Here's a sketch of an alternative model of how societal sex roles come about and are perpetuated. Children make friends predominantly with others of the same sex, in part because of similar interests and in part due to cultural expectations. In these friend groups, the shared characteristics and interests are likely to be accentuated, whereas the unshared ones are discouraged. In other words, boys spending time together will tend to play sports rather than follow the interests of the outlier who likes dolls. Over time, boys will individually aspire to be good at sports, because that is what their friends and other inspirational figures of the same sex do. Each individual will naturally develop those interests and characteristics that are both naturally present and permissible in his or her sex groupings. A boy who does not like sports may still find that, say, there's no stigma against intellectual pursuits and will pursue that rather than sports. It is here that shaming likely plays its biggest role--not as a foundational force, but as a means of bringing outliers in line with characteristics that are typically naturally present in others of the same sex. All the while, the primary motivating force is not to avoid shame, but to develop oneself and become more like other admirable members of one's own sex. Erousia comes late in this process and allows individuals more fully to experience a masculinity or femininity they have already begun to develop.
Now let's move on to Chapters 7 and 8. Here, Stotts integrates his major points and draws out some principles for how to get the most out of sex and how it can contribute to a satisfying life. He advocates an open, flexible, thoughtful, and deliberate approach to sex. He explains that sex should be both a source of intense pleasure and a "moral impetus" (p. 203) to become the best we can be. These come together because sexual pleasure itself has to do with our ideas and values, in particular, our erotic framework. An important aspect of sex is that it "lets us not only directly experience the reality of our values and beliefs, but also the necessary unity of our minds and bodies" (p. 218).
In this way, Stotts rejects other approaches to sex which are usually focused on either pleasure (indulgent camp) or morality (restraint or abstinent camp), but not both. These include what he calls the three false alternatives: that one should indulge in sex for pleasure alone, abstain from sex, or engage in it in highly restrained ways. He explains that these alternative perspectives, although different from one another, all have an "impoverished conception of sex" (p. 220) that divorces it from a person's character and higher values. None of them sees sex as a source of moral growth.
With this understanding in the background, Stotts advises us to cultivate good and satisfying sex lives. This includes a wide range of decisions and actions. He organizes some of them for us. To begin with, he advises us to develop good characters and good relationships, including deep and intimate romantic relationships. He also recommends that we think deliberately about how we want to approach sex, what our goals are for any given sexual experience (and for our sex lives as a whole), and to cultivate habits and dispositions that will bring these about. Importantly, he also emphasizes thinking positively and openly about sex, carefully weeding out any thoughts we may have about sex being "'only bodily,', 'dirty,' or 'dangerous'" (p. 227).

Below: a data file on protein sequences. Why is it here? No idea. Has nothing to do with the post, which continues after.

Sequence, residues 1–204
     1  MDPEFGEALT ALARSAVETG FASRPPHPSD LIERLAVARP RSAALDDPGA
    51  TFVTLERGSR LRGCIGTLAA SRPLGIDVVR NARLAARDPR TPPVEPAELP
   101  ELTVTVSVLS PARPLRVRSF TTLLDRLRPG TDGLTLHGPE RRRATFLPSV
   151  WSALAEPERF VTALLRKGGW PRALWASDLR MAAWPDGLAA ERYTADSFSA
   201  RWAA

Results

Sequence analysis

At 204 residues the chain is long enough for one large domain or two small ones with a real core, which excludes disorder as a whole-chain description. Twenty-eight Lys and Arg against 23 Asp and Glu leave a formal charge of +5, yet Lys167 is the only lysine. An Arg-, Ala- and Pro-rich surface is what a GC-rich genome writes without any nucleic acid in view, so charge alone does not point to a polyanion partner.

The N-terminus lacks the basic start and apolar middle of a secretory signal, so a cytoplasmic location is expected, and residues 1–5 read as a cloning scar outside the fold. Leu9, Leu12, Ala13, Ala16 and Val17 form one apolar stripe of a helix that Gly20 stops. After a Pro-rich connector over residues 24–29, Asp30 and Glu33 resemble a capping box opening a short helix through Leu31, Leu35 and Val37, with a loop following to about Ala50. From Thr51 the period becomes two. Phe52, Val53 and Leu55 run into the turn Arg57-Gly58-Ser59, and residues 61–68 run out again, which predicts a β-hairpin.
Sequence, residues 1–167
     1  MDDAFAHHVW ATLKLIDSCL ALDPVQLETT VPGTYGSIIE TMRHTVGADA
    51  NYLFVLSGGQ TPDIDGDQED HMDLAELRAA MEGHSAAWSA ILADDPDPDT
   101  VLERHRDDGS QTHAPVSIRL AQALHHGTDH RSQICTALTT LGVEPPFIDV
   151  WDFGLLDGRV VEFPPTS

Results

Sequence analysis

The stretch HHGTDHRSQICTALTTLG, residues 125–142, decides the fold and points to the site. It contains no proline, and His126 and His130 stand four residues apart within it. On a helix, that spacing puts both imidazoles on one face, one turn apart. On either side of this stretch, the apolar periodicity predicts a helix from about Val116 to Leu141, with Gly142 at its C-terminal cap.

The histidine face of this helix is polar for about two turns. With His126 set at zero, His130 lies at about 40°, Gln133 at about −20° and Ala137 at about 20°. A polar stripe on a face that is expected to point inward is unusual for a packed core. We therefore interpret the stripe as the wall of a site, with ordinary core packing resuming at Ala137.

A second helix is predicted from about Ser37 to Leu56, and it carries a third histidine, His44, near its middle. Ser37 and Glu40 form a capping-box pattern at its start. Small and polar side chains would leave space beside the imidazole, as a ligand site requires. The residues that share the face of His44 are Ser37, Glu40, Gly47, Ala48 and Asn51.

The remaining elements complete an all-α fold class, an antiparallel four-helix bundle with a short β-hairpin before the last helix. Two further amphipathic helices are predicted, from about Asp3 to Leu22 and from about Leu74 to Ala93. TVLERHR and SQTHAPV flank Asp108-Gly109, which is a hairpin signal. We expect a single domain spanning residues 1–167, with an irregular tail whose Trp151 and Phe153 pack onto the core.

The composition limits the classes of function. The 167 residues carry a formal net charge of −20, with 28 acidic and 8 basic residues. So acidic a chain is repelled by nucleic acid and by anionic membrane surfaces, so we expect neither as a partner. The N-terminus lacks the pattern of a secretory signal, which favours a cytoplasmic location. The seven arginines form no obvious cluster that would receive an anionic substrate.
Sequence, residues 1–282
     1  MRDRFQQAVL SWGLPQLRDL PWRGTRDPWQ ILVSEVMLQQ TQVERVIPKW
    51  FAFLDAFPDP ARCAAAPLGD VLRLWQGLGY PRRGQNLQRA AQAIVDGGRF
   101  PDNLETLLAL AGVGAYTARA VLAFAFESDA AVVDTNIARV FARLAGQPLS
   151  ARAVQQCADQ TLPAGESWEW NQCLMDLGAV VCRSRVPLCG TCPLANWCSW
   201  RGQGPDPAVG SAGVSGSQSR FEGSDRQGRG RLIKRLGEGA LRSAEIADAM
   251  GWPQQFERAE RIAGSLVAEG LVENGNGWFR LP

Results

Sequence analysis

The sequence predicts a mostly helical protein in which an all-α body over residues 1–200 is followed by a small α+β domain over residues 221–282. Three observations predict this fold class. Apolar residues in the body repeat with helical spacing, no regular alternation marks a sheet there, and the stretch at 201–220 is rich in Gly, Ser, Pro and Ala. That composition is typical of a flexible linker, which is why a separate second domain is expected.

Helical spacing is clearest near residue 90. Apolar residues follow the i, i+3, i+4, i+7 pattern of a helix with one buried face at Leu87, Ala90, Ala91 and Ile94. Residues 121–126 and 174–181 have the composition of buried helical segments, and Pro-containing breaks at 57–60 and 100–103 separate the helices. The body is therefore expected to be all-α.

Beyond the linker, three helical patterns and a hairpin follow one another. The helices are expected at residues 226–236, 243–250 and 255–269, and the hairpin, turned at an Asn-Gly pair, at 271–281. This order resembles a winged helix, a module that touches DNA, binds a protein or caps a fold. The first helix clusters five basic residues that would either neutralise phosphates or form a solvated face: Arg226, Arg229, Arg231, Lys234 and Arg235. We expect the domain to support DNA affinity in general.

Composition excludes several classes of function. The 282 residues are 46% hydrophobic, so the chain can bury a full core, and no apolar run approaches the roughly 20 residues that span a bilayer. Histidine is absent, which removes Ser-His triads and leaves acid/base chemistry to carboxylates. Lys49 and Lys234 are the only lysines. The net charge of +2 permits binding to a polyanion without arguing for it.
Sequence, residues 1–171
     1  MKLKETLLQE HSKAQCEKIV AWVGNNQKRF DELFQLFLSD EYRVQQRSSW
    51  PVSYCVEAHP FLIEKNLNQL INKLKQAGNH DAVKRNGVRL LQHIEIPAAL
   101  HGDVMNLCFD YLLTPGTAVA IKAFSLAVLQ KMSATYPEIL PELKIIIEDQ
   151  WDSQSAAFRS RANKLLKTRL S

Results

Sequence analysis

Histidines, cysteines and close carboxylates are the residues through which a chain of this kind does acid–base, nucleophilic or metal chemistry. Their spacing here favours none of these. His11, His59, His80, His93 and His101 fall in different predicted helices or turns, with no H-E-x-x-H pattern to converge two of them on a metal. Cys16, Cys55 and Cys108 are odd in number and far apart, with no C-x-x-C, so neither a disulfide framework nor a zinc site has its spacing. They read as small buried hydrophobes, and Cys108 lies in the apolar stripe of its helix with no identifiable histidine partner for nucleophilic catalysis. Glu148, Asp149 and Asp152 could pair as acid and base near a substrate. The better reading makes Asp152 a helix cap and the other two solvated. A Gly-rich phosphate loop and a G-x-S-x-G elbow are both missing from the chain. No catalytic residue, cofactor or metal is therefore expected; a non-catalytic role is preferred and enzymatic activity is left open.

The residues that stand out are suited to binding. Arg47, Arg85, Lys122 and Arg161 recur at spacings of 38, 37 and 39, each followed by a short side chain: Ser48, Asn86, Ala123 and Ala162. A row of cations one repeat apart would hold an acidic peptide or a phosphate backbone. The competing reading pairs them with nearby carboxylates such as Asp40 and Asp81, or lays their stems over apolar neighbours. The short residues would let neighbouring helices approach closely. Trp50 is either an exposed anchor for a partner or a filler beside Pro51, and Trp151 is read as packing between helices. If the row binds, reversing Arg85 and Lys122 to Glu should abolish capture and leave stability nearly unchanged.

Overall, despite the misgivings I raise above, I highly recommend Eros and Ethos. It is what a philosophical book should be--a deeply insightful analysis of the issues and a practical guide in an important aspect of life. It invites the reader to examine his whole being and, especially, the ways he thinks about and engages in sex. All the while, it keeps the reader focused on positivity. It advocates an orientation toward openness, exploration, and satisfaction rather than unnecessary self-restraint or thoughtless indulgence. Its advice is sound and wholesome and will urge you to make yourself better.
Psychiatrist in private practice; New-York-Presbyterian Hospital
(1) Jason Stotts, Eros and Ethos: A New Theory of Sexual Ethics (Ontario, Canada: Erosophia Enterprises, 2018).
(2) Nathaniel Branden, The Psychology of Romantic Love: Romantic Love in an Anti-Romantic Age (New York: Penguin Group, 1980).
(3) Chris Matthew Sciabarra, Ayn Rand, Homosexuality, and Human Liberation (Stow, OH: Leap Publishing, 2003).
(4) David Kelley, "Choosing Life," The Atlas Society (June 22, 2010), available online at: https://atlassociety.org/commentary/commentary-blog/3705-choosing-life; Darryl Wright, "Reasoning about Ends: Life as a Value in Ayn Rand's Ethics," in Metaethics, Egoism and Virtue: Studies in Ayn Rand's Normative Theory, ed. Allan Gotthelf and James Lennox (Pittsburgh, PA: Pittsburgh University Press, 2011), pp. 3-32.
(5) This is a claim originally made by Ayn Rand; see Alvin Toffler, "Playboy Interview: Ayn Rand," Playboy (March 1964), pp. 35-43, reprinted as a pamphlet by The Objectivist, Inc. (HMH Publishing Co., Inc., 1964), p. 6. It has been challenged by other Objectivists, namely, David Kelley and William Thomas, in their unpublished book manuscript The Logical Structure of Objectivism, accessed online at: https://atlassociety.org/sites/default/files/LSO%20Binder.pdf, pp. 166-70. Stotts neither mentions nor responds to this work.
(6) K. R. Scherer, A. Shorr, and T. Johnstone, eds., Appraisal Processes in Emotion: Theory, Methods, Research (Canary, NC: Oxford University Press, 2001).
(7) Agnes Moors, Phoebe C. Ellsworth, Klaus R. Scherer, and Nico H. Frijda, "Appraisal Theories of Emotion: State of the Art and Future Development," Emotion Review 5, no. 2 (April 2013), pp. 119-24.
(8) John Gottman, Principia Amoris: A New Science of Love (Abingdon, UK: Routledge, 2015).
(9) Jennifer M. Tomlinson, The Positive Psychology of Romantic Love (New York: Oxford University Press, 2013).
(10) Nathaniel Branden. The Psychology of Romantic Love.
(11) Jan Antfolk, "Age Limits: Men's and Women's Youngest and Oldest Considered and Actual Sex Partners," Evolutionary Psychology (January-March 2017), pp. 1-9; Douglas T. Kenrick and Richard C. Keefe, "Age Preferences in Mates Reflect Sex Differences in Human Reproductive Strategies," Behavioral and Brain Sciences 15 (1992), pp. 75-133.
(12) It's not clear how he arrives at these descriptors or whether they are valid. I, for one, have never met an emotionless man or even one who frequently tries to be emotionless. What I do often see are men attempting to be temperate and, in some cases, Stoic about negative feelings in particular.
(13) To his credit, Stotts does mention briefly that societal sex role virtues are ideals that people can aspire to, but he does not see this as a major factor, and quickly returns to discussing shamenorming.
(14) David P Schmitt, "The Truth About Sex Differences," Psychology Today (November 7, 2017), accessed online at:
(15) Brenda K. Todd, Rico A. Fischer, Steven Di Costa, et al., "Sex Differences in Children's Toy Preferences: A Systematic Review, Meta-Regression, and Meta-Analysis," Infant and Child Development 27, no. 2 (March/April 2018).
(16) Gerianne Alexander, Teresa Wilcox, and Rebecca Woods, "Sex Differences in Infants' Visual Interest in Toys," Archives of Sexual Behavior 38, no. 3 (2008), pp. 427-33.